Fugue | Review
My album, Fugue, reviewed by Matt Elliot. See Matt’s blog here.
After underground electronic artist Bear Like Mouse completed work on his debut album This Minus Okay, a sprawling, enticing and unique array of trip hop, acoustic guitar and dark metal, he immediately began working on material for the follow up, which would take his sound in an entirely new direction. While his debut was packed with highlights and took the listener on quite the emotional journey over its 70-minute length, there was always an underlying feeling that the artist himself was never quite perfectly content with the end product; in fact, the atmosphere created by those feelings of hopelessness and frustration may have actually added to the consistency of an album that could have otherwise felt overlong and scattered. Even as the debut was actually compiled of songs written over years of creative ups and downs, it was loaded with diverse new ideas, innovative methods to create sounds and memorable melodies, but lacked an overall sense of direction and flow.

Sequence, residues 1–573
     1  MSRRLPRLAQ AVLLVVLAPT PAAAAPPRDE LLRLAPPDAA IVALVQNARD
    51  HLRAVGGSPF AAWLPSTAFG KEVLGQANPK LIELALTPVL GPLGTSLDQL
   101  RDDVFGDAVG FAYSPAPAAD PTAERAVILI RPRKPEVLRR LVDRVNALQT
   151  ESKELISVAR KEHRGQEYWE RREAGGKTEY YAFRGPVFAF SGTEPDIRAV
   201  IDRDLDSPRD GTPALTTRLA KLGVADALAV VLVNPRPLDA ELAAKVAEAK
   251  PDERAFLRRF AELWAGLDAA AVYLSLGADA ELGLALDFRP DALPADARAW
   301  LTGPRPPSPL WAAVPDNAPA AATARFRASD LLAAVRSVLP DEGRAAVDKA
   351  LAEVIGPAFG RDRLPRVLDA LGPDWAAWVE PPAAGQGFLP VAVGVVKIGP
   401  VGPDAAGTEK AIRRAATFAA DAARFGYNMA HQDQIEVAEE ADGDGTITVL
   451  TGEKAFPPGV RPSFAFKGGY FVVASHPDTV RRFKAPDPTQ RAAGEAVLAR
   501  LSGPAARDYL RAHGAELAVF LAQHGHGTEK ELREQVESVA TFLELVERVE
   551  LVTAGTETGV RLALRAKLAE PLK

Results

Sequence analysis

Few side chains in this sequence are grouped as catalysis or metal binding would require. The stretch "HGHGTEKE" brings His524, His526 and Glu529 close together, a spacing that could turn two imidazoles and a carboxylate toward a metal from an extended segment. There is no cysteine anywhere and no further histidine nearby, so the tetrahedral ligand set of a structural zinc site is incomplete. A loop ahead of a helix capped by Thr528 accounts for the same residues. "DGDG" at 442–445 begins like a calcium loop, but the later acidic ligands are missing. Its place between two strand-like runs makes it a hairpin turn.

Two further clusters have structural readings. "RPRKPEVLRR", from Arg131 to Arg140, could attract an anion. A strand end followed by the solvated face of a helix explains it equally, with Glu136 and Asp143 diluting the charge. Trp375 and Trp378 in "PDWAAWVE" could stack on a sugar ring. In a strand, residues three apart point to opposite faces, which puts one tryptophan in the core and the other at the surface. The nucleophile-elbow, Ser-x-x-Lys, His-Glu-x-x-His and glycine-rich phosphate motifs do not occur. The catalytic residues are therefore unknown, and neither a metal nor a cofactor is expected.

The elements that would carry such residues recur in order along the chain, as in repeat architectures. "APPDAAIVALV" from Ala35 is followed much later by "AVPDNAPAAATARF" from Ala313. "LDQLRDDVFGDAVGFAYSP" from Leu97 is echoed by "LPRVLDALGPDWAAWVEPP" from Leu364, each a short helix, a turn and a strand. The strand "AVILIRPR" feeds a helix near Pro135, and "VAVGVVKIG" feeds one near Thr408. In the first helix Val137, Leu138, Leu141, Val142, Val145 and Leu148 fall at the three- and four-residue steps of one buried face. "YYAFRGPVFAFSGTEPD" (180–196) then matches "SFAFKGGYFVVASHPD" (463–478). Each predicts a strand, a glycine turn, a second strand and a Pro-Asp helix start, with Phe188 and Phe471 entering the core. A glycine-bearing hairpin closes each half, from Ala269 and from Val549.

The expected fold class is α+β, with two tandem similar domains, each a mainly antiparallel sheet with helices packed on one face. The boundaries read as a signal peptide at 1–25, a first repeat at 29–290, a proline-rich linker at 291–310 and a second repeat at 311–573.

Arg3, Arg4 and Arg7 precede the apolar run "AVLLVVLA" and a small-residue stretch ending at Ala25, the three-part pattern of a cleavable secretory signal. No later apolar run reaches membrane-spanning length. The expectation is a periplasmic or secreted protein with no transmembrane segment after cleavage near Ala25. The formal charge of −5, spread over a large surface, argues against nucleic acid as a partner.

Bear Like Mouse set out to refine his sound on Fugue, and he succeeds with flying colors. Whereas vocals and impressive layers of sound at times seemed forced and excessive on the first go round, his sophomore effort shows remarkable restraint and polish, resulting in an almost symphonic effect. He takes the best elements of his previous work and combines and expands on them here over nine tracks, content to let the complex electronic orchestration do the most of talking.
Fugue is the type of album that can accompany you on a long, peaceful car ride, can wake you up gently in the morning, or help your mind drift far off into the background. It can also make you think. This isn’t exactly “mood” music per se, it is too precise and delicate to be labeled as such, but it does boast an aura of calmness and confidence as it evolves. The completely instrumental opener “Nuclear” is gorgeous and patient, and when it builds into a gentle coda around the three minute mark, it doesn’t so much explode as it pulls the listener back in, comforting them almost as a promise of things to come.